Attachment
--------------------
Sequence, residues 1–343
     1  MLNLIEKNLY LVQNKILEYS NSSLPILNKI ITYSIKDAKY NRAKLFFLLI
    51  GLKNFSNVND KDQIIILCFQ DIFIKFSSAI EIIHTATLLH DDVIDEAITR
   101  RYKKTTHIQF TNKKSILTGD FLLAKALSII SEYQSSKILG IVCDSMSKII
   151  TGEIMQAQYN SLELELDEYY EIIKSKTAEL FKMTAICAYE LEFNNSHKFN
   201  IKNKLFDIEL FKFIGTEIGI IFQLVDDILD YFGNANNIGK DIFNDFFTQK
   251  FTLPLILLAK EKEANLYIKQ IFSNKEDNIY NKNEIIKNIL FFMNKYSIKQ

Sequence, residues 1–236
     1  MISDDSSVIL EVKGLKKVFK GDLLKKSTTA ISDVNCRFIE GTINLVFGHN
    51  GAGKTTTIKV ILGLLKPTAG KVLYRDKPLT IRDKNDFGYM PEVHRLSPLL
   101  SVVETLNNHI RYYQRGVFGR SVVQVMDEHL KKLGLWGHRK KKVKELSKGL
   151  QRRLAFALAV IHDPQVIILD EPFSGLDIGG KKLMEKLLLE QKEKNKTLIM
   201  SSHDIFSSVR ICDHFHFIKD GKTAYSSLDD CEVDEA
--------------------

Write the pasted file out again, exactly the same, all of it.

Sequence, residues 1–343
     1  MLNLIEKNLY LVQNKILEYS NSSLPILNKI ITYSIKDAKY NRAKLFFLLI
    51  GLKNFSNVND KDQIIILCFQ DIFIKFSSAI EIIHTATLLH DDVIDEAITR
   101  RYKKTTHIQF TNKKSILTGD FLLAKALSII SEYQSSKILG IVCDSMSKII
   151  TGEIMQAQYN SLELELDEYY EIIKSKTAEL FKMTAICAYE LEFNNSHKFN
   201  IKNKLFDIEL FKFIGTEIGI IFQLVDDILD YFGNANNIGK DIFNDFFTQK
   251  FTLPLILLAK EKEANLYIKQ IFSNKEDNIY NKNEIIKNIL FFMNKYSIKQ

Sequence, residues 1–236
     1  MISDDSSVIL EVKGLKKVFK GDLLKKSTTA ISDVNCRFIE GTINLVFGHN
    51  GAGKTTTIKV ILGLLKPTAG KVLYRDKPLT IRDKNDFGYM PEVHRLSPLL
   101  SVVETLNNHI RYYQRGVFGR SVVQVMDEHL KKLGLWGHRK KKVKELSKGL
   151  QRRLAFALAV IHDPQVIILD EPFSGLDIGG KKLMEKLLLE QKEKNKTLIM
   201  SSHDIFSSVR ICDHFHFIKD GKTAYSSLDD CEVDEA